MP Pat O'Brien says gay marriage is illogical and morally offensive














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Legal - Canada - O'Brien: illogical and morally offensive

February 22, 2005

O'Brien: illogical and morally offensive
M.P. testifies to the truth about marriage

"This proposed definition [gay marriage] is one that both I and my wife Evelyn, and millions of other Canadians find unnecessary, illogical and morally offensive. Opponents include members of every political party and no political party, of every faith and of no particular faith. Same sex marriage is an oxymoron because it denies the heterosexual prerequisite of true marriage. It is a real threat to marriage and the family which is the basic foundation of all human societies ...

"Some people have even tried to draw an analogy between the women's rights and the black civil rights movements with the demand for same sex marriage. This analogy is utterly false. However well-intentioned its proponents, only by a misreading of history and the use of specious logic can one possibly arrive at such a patently false conclusions.Millions of Canadian women and many black persons, including personal friends of mine, feel insulted by this false analogy. To equate their legitimate demands for equal and just treatment consistent with natural moral law with the illegitimate demands for same sex marriage in contravention of natural moral law is illogical.

"It is equally illogical to argue that the natural extension of protecting individual rights of gays, which I and most Canadians support, is that two gays in a sexual relationship somehow have the right to co-op the term marriage to describe their relationship. The charter does not speak to group rights, even a group of two people. Rather, it speaks solely and exclusively to individual rights ...

"The Prime Minister further has stated that we cannot return to the past, that is, retain the traditional definition of marriage “with a simple snap of the fingers”. Recall that incredibly it was a simple snap of the legal fingers of three judges in Ontario that instantly redefined marriage in June 2003. This shockingly arrogant ruling is an insult to the people and Parliament of Canada. At that time, as I served on the justice committee, I called for the ruling to be appealed by the federal government. The failure to do so is clearly the reason that the Supreme Court refused to address itself to the constitutionality of the traditional definition of marriage, which was question four in the reference to the court. Surely that time, when the justice committee hearings were reduced to a pathetic farce, should be recorded as one of the most disgraceful and duplicitous moments in the history of our parliamentary deliberations as a nation. It was also the quintessence of judicial activism at its worst.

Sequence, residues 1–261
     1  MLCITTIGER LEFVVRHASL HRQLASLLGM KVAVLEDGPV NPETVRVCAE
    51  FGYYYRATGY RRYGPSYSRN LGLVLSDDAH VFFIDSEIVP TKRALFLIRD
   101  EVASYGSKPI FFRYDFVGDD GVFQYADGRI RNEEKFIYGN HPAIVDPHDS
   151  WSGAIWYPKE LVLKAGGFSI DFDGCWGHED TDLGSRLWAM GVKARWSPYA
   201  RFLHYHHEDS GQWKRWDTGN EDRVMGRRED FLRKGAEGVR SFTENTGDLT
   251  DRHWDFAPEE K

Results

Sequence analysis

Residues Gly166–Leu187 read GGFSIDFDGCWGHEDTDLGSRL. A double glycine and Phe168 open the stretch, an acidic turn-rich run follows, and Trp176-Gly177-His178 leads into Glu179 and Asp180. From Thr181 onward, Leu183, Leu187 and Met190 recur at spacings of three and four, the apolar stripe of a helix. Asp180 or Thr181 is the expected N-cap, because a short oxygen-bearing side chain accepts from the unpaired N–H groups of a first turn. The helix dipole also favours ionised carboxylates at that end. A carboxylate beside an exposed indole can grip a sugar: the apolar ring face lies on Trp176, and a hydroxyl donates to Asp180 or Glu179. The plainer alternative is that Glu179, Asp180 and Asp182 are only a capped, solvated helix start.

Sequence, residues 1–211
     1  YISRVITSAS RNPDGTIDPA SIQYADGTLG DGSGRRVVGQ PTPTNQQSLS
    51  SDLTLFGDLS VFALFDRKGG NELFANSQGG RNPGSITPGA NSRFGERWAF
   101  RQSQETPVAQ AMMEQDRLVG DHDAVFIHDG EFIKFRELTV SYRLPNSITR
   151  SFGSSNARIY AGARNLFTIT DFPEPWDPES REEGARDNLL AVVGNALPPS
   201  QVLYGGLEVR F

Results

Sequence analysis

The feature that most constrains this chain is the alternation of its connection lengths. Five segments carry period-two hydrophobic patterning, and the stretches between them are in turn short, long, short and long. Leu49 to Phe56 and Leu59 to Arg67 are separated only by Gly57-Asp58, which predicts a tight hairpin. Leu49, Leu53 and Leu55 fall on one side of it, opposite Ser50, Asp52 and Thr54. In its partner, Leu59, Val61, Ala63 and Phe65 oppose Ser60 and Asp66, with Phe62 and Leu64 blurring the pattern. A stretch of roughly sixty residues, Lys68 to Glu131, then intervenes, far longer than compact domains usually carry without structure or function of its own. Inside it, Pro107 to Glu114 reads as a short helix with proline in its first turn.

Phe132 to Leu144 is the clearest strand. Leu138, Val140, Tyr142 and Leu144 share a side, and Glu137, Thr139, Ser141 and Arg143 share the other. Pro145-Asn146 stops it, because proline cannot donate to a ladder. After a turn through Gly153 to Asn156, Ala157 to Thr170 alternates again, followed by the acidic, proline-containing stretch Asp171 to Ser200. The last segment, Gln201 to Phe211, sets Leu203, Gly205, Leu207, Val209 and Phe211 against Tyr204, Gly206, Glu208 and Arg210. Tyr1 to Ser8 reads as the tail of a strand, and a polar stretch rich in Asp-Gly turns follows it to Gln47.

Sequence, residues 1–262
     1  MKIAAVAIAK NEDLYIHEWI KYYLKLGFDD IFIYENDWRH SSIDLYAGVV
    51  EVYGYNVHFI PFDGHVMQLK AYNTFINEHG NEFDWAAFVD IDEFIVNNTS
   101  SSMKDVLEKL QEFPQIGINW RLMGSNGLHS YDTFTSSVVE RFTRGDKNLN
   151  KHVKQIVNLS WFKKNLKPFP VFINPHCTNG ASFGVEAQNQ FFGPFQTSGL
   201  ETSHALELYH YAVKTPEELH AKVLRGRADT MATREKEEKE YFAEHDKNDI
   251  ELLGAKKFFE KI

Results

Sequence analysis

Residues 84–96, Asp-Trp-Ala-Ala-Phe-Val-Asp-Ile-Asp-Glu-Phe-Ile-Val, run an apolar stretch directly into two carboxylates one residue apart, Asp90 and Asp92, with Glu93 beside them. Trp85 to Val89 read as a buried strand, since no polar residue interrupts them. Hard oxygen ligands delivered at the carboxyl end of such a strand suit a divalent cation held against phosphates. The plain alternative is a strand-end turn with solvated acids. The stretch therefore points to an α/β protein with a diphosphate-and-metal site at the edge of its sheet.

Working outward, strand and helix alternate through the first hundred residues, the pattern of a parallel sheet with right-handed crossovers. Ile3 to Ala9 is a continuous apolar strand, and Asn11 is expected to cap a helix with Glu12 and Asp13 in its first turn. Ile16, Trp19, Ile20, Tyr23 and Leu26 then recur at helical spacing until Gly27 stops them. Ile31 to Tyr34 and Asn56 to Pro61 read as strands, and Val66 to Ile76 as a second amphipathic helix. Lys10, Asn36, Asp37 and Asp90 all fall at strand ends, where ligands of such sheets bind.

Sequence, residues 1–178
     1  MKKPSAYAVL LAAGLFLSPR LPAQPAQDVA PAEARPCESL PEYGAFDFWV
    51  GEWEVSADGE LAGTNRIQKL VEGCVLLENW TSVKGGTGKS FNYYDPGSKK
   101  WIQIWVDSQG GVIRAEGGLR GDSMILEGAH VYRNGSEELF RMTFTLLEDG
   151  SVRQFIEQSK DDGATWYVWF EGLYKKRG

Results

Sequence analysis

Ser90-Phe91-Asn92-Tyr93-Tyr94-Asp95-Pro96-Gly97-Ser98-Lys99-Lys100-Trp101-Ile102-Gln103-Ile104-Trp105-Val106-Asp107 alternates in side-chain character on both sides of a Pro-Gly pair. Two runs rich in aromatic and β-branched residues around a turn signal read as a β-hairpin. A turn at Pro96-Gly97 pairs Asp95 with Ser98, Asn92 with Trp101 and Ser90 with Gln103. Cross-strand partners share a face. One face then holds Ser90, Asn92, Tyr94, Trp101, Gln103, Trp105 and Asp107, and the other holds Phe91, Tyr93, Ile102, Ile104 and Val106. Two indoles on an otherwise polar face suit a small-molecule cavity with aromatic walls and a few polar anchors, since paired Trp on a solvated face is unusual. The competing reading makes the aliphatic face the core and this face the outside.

"The appeal courts of Quebec, Ontario and British Columbia, the supreme courts of Yukon, Nova Scotia and Newfoundland and Labrador, as well as the Court of Queen's Bench of Manitoba and Saskatchewan have all said, unanimously, that the equality right in section 15 requires that same sex spouses have the right to marry. Thus the legal situation in Canada is very clear: the law says that, today, same sex spouses have the right to marry. What should we remember in all that?

"First, as I indicated earlier, we can only legislate on marriage. Second, according to the courts, the only way to legislate in compliance with the charter is by allowing same sex partners to get married. What can we do about this? We could go for the notwithstanding clause, which means that we, as parliamentarians, would be saying that we have decided to suspend the rights and freedoms of some of our fellow citizens. That should be of concern to each of us personally. Are we, all of us, prepared to suspend rights that have been recognized by the courts? Personally, I am not in politics to suspend the rights and freedoms of my neighbours, friends and fellow citizens. Those who think and say that we can legislate and restore the so-called traditional definition of marriage without using the notwithstanding clause are either in bad faith or ignorant of the law.
Mr. Richard Marceau (Charlesbourg—Haute-Saint-Charles, BQ), House of Commons, Feb. 21, 2005

"... there is a higher truth and a greater judge than any we will find in the courts of Canada or any earthly court. Our courts do not have a monopoly on truth. Our charter, though important, is not sacrosanct. The government, pushed by the courts, is making a very serious mistake in a reckless and headlong rush to redefine marriage to the point that in Canada the word could become virtually meaningless.

"This court driven radical experiment in social engineering could have incalculable negative long term effects on marriage and the family to the detriment of Canadian society. For me, this is an issue much more important than mere party politics. It goes directly to the heart of who I am and what I believe. While all persons no matter what their sexual orientation deserve to be treated with dignity and respect, that does not mean we must imperil the future of true marriage so as to satisfy the illogical and immoral demand for same sex marriage.

"The eyes of the nation are on us as we engage in this important debate. I believe the eyes of our ancestors and our dear deceased loved ones are also on us at this historic time. The real question is, will we betray the precious legacy of marriage and the family that they left us? Will we so easily and carelessly discard that precious legacy so as to reconstruct marriage into something it was never meant to be? I answer, no. And so here I stand to bear witness to the truth about marriage."

Mr. Pat O'Brien (London—Fanshawe, Liberal), House of Commons, Feb. 21, 2005

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